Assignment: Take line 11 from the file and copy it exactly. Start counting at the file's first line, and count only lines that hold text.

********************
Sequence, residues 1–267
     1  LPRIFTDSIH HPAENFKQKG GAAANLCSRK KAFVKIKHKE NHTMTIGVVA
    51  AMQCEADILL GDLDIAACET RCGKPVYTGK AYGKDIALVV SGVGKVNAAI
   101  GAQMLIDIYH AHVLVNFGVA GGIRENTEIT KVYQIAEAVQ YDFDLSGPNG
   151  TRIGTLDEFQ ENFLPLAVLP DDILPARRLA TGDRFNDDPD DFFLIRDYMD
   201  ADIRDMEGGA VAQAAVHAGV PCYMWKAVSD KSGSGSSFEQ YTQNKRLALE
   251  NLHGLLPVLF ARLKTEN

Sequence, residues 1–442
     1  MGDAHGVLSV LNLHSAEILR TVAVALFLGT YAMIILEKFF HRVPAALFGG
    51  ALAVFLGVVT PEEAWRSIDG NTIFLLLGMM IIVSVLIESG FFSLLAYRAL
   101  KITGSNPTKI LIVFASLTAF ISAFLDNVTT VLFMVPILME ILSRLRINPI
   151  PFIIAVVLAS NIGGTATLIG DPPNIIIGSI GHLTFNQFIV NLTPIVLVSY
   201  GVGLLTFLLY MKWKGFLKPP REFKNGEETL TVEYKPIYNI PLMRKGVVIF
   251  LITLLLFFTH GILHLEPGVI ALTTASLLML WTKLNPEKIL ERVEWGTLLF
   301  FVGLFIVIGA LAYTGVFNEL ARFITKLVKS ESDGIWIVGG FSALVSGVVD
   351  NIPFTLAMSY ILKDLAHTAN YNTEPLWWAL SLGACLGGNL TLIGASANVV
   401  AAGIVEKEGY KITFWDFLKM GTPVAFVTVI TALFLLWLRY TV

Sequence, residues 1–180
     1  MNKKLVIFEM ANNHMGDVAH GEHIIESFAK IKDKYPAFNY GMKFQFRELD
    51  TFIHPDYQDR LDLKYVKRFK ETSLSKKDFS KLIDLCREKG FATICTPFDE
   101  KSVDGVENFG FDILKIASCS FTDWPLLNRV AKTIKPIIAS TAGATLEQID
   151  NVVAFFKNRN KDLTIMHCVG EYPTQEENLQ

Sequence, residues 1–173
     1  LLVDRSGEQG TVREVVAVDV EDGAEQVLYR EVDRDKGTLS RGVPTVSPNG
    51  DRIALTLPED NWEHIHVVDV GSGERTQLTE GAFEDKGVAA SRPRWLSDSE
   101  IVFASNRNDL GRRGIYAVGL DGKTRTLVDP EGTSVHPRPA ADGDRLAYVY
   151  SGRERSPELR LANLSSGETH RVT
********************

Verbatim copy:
   101  KITGSNPTKI LIVFASLTAF ISAFLDNVTT VLFMVPILME ILSRLRINPI